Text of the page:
Using a Self-Directed IRA means that an investor has the ability to make a wide range of investments within a retirement account. That means tax benefits on assets as wide-ranging as real estate, precious metals, and even private companies. However, it’s also important for investors to realize that if they want to avoid early withdrawals on these accounts—and the taxes and penalties that come with these withdrawals—there are certain steps to take.
Avoiding Early Withdrawals Through the Self-Directed Roth IRA
The Roth IRA is an account that lets investors put after-tax money into a retirement account. Because these contributions are not tax-deductible, the money comes from earned income that the investor pays taxes on these contributions in the present. This has the effect of making the growth and the money put in the Roth IRA non-taxable, provided the investor waits until retirement age and does not withdraw it early.
Because the Roth IRA uses after-tax money, it’s possible to withdraw contributions to the Roth IRA with minimal interruption; after all, this is money that has already been taxed. However, an investor can incur penalties on money that comes out of the IRA as a result of the growth of the investment.
As Charles Schwab notes, there are early withdrawal rules with the Roth IRA that can make them sound more flexible than many investors might expect. “You can withdraw contributions you made to your Roth IRA anytime, tax- and penalty-free. However, you may have to pay taxes and penalties on earnings in your Roth IRA,” notes Charles Schwab.
What does this mean? There are some rules with the Roth IRA that make it unique in terms of short-term flexibility. This is something to look into for investors who want to make sure that not every dollar of retirement money goes into before-tax accounts that will incur much larger withdrawal penalties on contributions.
The Limits of Early Withdrawals
For any investor, penalty-free withdrawals from a retirement account can occur at the age of 59 ½ or older. This is the legal “retirement age” at which point investors can start to take money out of a retirement account. However, this retirement age might sound young by today’s standards, which leads many people to wonder when they should start withdrawing money out of the account, or let it continue to grow.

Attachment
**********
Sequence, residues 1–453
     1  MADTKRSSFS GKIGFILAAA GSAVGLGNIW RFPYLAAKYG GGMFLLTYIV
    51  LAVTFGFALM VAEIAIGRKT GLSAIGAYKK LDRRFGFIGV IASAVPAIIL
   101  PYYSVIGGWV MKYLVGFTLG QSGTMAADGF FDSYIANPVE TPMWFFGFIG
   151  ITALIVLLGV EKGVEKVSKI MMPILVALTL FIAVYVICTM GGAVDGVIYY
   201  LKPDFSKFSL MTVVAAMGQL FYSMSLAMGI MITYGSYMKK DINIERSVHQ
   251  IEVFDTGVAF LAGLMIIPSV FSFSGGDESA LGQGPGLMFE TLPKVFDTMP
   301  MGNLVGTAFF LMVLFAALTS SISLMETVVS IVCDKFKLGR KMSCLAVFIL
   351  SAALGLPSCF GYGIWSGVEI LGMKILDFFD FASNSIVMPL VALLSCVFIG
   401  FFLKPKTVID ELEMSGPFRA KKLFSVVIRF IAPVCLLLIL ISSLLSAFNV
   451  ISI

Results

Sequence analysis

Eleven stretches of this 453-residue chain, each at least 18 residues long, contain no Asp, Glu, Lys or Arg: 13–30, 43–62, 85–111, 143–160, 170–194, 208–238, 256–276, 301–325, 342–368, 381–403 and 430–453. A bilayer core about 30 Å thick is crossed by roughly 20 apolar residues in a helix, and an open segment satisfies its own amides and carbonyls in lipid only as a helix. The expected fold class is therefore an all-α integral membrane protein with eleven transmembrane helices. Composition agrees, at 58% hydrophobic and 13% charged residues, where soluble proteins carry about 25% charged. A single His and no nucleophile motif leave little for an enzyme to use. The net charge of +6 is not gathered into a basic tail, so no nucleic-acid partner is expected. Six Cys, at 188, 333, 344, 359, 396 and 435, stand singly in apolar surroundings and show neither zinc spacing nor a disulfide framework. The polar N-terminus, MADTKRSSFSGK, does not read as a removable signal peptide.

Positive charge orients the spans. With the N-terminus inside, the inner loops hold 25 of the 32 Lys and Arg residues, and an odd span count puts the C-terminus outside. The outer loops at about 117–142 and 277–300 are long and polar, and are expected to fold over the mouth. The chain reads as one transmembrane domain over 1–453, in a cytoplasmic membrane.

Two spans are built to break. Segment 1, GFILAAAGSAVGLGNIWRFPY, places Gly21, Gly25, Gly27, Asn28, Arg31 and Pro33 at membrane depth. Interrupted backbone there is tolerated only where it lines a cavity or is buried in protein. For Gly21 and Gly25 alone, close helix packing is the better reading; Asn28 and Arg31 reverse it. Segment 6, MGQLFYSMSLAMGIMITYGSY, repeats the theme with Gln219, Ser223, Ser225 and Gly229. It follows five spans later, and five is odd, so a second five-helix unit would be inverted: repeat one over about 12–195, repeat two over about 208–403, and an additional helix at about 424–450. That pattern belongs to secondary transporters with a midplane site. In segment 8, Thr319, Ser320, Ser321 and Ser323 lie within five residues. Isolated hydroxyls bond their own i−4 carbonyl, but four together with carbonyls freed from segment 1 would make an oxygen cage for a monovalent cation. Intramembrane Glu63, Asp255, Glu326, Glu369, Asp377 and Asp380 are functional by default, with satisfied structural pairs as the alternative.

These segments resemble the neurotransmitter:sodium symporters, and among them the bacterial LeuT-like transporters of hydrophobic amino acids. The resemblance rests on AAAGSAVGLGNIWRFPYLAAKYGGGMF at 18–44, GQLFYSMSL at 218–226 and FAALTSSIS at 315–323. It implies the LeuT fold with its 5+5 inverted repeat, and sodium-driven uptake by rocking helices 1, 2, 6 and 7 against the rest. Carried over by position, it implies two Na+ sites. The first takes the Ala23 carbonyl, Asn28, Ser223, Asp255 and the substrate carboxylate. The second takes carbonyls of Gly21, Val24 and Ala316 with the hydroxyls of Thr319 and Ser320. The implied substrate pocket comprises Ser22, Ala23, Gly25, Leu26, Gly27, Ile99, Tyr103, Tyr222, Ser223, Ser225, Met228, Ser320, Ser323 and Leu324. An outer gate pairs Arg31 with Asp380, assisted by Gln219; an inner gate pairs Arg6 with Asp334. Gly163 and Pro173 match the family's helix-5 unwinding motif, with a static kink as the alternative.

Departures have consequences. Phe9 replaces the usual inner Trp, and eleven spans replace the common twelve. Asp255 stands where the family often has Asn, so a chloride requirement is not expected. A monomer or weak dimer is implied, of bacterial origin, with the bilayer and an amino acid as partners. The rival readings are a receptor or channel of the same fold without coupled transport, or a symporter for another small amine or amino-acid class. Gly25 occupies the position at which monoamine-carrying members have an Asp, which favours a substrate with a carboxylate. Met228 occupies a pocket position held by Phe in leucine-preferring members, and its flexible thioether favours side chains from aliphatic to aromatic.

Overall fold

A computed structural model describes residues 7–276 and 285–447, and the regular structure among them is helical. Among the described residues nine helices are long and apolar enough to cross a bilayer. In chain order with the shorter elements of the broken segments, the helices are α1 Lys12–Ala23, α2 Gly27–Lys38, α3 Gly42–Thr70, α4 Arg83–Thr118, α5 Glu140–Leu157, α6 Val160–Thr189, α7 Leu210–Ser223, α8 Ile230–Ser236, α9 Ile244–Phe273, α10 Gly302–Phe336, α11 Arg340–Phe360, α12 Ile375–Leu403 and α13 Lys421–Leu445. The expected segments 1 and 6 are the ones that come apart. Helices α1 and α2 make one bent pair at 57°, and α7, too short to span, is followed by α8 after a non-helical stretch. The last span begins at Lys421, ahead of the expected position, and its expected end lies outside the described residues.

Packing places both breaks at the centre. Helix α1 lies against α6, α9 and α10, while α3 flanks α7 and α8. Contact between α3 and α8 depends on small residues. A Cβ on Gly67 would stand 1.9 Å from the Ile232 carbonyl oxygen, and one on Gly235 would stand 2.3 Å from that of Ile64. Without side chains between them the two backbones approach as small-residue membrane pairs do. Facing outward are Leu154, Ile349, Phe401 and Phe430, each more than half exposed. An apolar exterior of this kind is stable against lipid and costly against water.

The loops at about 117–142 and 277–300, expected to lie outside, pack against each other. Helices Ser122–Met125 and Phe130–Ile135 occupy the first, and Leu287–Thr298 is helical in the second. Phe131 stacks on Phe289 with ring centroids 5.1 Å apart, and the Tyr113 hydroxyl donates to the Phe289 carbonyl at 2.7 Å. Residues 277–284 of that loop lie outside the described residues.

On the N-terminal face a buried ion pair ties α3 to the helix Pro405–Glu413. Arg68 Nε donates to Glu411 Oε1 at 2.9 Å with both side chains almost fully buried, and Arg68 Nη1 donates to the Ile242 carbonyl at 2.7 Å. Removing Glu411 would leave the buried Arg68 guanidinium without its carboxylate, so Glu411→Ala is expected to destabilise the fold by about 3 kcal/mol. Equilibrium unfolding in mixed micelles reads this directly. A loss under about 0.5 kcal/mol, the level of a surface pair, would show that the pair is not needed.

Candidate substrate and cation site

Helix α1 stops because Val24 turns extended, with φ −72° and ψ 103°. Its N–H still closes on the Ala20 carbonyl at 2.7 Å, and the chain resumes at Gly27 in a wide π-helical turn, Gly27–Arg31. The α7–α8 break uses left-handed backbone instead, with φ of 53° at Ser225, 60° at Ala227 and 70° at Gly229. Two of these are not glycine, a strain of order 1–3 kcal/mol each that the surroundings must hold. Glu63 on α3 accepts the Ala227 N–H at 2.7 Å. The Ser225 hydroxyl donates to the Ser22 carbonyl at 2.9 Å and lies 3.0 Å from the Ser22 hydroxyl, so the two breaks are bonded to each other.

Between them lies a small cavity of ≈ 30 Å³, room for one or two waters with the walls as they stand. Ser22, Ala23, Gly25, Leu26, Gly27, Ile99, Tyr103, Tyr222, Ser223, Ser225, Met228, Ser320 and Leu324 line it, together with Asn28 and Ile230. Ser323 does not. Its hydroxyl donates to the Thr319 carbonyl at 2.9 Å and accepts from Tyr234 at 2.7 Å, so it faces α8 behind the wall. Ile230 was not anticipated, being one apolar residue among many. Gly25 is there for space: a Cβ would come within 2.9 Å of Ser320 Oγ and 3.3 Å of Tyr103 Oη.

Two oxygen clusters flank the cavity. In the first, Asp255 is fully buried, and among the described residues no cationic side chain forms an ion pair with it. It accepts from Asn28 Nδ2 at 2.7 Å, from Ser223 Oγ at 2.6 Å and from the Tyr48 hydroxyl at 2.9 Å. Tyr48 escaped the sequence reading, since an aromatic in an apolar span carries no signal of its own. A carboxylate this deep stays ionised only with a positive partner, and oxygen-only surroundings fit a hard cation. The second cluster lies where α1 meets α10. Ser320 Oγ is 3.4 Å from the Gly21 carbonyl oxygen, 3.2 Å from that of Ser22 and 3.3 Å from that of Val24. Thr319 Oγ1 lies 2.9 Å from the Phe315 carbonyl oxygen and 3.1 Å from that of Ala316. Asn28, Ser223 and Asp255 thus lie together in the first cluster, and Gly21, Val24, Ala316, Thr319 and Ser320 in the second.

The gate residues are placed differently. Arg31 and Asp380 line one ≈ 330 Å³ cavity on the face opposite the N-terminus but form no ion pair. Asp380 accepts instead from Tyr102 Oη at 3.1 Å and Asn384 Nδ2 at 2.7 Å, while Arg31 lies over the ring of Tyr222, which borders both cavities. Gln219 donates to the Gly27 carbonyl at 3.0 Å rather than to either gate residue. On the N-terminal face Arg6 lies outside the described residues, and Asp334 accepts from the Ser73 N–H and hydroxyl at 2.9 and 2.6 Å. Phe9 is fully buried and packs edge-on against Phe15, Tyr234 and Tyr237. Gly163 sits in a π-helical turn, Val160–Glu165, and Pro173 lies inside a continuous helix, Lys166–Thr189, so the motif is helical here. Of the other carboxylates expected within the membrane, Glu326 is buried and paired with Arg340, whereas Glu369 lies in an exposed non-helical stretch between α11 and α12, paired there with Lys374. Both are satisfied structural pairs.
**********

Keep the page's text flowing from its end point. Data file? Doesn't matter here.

Investors should also be aware that they can’t make personal investments with a Self-Directed IRA. For example, if an investor were to use a Self-Directed IRA to purchase a home as an investment property, that would be a valid transaction. However, if the investor were then to turn around and rent out that property to a “disqualified person”—such as a spouse or child—it would then be interpreted as receiving a personal, immediate benefit. This disqualifies the investment from being considered a retirement property, and as such, it may be subject to penalties.
This distinction is one of the most important for Self-Directed IRA investors to understand, because it marks the boundary between what an IRA is and what a personal investment is. As long as investors learn to stay within the rules of the Self-Directed IRA, they can do a lot while investing for retirement, avoiding penalties the entire way. However, failure to follow these rules can mean all sorts of additional penalties that can create problems for the Self-Directed IRA holder.